Food and Drinks
During 12-18 day canyon rafting trips, your rafting outfitter guides will be responsible for the storage, preparation, and distribution of all meals, snacks, and drinks, whether you’re socializing at camp or relaxing on the Colorado River. Fortunately, your tour operators are not only ultra-competent canyon rafting guides, but they’re also highly skilled when it comes to cooking for a large group. When it comes to food and drinks, your outfitter will take care of the following:
- All meals (your outfitter will do everything they can to accommodate for dietary requirements).
- An assorted range of snacks, including candy, chips, and trail mix.
- Unlimited water and a plentiful supply of non-alcoholic beverages, including sports drink, soda, juice, tea, and coffee.
Rafting Equipment and Dry Bags
In addition to equipping you with all relevant paddling and river safety paraphernalia, most outfitters also provide at least 3 different-sized dry bags to keep your personal belongings safe and dry throughout your trip. Each dry bag set uses an assigned number system to ensure quick and private identification. Specifically, your outfitter will provide the following safety equipment and dry bags:
- A fitted life vest.
- 1 large dry bag for personal belongings, such as dry clothing and personal hygiene products. This dry bag will only be accessible when you are at camp.
- 1 large dry bag for your outfitter provided camping equipment. This dry bag will only be accessible when you are at camp.
- 1 small dry bag for your essential belongings. This bag will be accessible to you at every stage of your trip, including while you’re out on the Colorado River.
Most necessary bedding and sleeping items will be supplied by your outfitter. The main benefit of this inclusion is that it saves you the hassle of packing and carrying around several pounds of bedding for the duration of your trip. Before departing for Las Vegas and the Grand Canyon, be sure to check with your outfitter whether a pillow is included as not all outfitters will provide one. In short, your outfitter sleep kit will include the following items:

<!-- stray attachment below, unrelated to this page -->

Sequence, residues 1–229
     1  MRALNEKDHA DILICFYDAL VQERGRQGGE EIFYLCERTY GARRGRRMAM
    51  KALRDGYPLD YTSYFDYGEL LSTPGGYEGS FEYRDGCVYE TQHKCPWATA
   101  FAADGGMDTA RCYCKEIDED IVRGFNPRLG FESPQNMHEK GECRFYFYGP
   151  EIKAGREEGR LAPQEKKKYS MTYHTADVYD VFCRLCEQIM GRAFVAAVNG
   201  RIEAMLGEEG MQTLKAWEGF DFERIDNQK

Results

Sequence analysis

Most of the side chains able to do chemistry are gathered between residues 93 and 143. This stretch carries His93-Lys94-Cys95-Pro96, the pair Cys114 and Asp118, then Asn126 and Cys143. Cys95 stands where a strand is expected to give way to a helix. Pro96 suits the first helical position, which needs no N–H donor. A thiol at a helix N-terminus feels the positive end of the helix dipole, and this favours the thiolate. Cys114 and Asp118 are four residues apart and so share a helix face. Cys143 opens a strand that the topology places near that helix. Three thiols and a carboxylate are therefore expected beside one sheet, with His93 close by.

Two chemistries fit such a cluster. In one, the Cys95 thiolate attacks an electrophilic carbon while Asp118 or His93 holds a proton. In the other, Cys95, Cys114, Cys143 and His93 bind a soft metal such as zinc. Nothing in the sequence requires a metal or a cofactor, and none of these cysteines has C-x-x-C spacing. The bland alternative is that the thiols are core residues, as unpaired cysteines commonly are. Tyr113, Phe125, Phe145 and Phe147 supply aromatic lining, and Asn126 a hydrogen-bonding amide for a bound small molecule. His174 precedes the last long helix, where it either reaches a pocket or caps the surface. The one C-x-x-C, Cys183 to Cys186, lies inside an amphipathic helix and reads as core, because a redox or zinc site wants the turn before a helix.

- Sleeping bag.
- Sleeping sheet.
- Cot or rubber mattress pad.
You won’t have to forego any of your usual camping comforts on Grand Canyon rafting trips. This is because your river guides bring all the camping equipment required for a comfortable camping experience, including but not limited to:
- Cooking facility and kitchen equipment.
- Plates and cutlery.
- Private Groover toilet system and hand wash station.
What Should You Be Packing?
Your packing requirements for a whitewater river trip will be heavily dictated by your season of travel and the weather forecast for your trip. To give your packing list a headstart, we’ve listed some general recommendations for what you should bring along with you on multi-day Grand Canyon rafting trips.
- Sun protection: To ensure that you have adequate sun protection while on the rive, you’ll need to bring a hat, a long-sleeved shirt, a pair of lightweight trousers, and a tube of sunscreen with at least a 30+ SPF rating.
- Weather appropriate clothing: Be sure to pack appropriately for your season of travel. In most cases, it’s a good idea to bring a range of cool clothing options for daytime use and a couple of pairs of warm clothing for cooler nights. In our experience, forgetting to pack at least one set of warm clothes can quickly spoil your Grand Canyon trip.
- Tech: Be mindful that bringing cameras or any other handheld tech with you will expose these devices to an outsized chance of water damage. Remember, while you’re in the Grand Canyon, you will not have access to any cell reception. Given these conditions, it’s worth considering the pros of leaving your phone behind.
- Reading materials: If you enjoy relaxing over a good book, it’s a good idea to pack one or two pieces of reading material for your Grand Canyon trip. There will be plenty of opportunities to sit back, relax, and read during afternoon and evening downtime. Please note, tablet-style e-Readers face the same risk of damage as other electronic devices — bring along these devices at your own risk.
- Alcoholic beverages: Adult passengers over the age of 21 are permitted to bring a modest amount of alcohol on their trip. These beverages can only be consumed in the evening while at camp. Under no circumstances will the consumption of alcohol be permitted while passengers are on the river. Finally, before purchasing alcoholic beverages for your trip, be sure to check if there are any additional alcohol restrictions with your outfitter.